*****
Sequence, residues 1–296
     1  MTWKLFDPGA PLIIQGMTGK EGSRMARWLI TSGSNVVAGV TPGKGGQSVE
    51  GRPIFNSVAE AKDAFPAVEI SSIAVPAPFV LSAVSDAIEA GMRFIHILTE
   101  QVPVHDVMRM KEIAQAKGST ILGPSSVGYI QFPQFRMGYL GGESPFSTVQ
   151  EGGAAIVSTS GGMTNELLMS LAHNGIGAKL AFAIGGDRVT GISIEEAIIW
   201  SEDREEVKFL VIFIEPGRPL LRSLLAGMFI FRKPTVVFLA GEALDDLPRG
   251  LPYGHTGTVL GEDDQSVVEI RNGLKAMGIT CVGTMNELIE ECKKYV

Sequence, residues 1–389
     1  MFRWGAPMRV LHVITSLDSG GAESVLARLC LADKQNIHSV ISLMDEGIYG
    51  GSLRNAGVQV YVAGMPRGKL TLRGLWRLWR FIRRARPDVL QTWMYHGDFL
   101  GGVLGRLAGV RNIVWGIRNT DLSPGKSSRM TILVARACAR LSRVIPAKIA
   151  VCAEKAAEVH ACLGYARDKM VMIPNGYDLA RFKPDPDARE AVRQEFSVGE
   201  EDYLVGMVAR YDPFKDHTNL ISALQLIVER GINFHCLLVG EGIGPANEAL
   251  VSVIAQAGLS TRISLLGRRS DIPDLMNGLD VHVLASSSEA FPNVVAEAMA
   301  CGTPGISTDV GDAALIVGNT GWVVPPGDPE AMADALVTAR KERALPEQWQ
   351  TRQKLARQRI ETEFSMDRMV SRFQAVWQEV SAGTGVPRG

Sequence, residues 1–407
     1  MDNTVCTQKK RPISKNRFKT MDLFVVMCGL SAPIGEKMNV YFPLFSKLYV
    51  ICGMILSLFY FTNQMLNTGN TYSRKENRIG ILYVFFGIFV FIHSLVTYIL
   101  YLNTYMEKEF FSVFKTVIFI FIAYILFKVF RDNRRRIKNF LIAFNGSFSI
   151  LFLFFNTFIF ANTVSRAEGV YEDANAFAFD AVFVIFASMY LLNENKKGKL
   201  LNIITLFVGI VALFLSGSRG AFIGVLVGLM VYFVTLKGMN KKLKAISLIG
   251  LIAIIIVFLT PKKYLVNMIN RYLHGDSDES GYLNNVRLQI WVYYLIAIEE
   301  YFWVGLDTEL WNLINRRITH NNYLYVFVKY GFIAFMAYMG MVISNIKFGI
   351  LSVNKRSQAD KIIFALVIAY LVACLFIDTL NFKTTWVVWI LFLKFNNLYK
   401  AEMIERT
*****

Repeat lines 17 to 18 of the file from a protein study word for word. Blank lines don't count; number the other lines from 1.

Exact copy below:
Sequence, residues 1–407
     1  MDNTVCTQKK RPISKNRFKT MDLFVVMCGL SAPIGEKMNV YFPLFSKLYV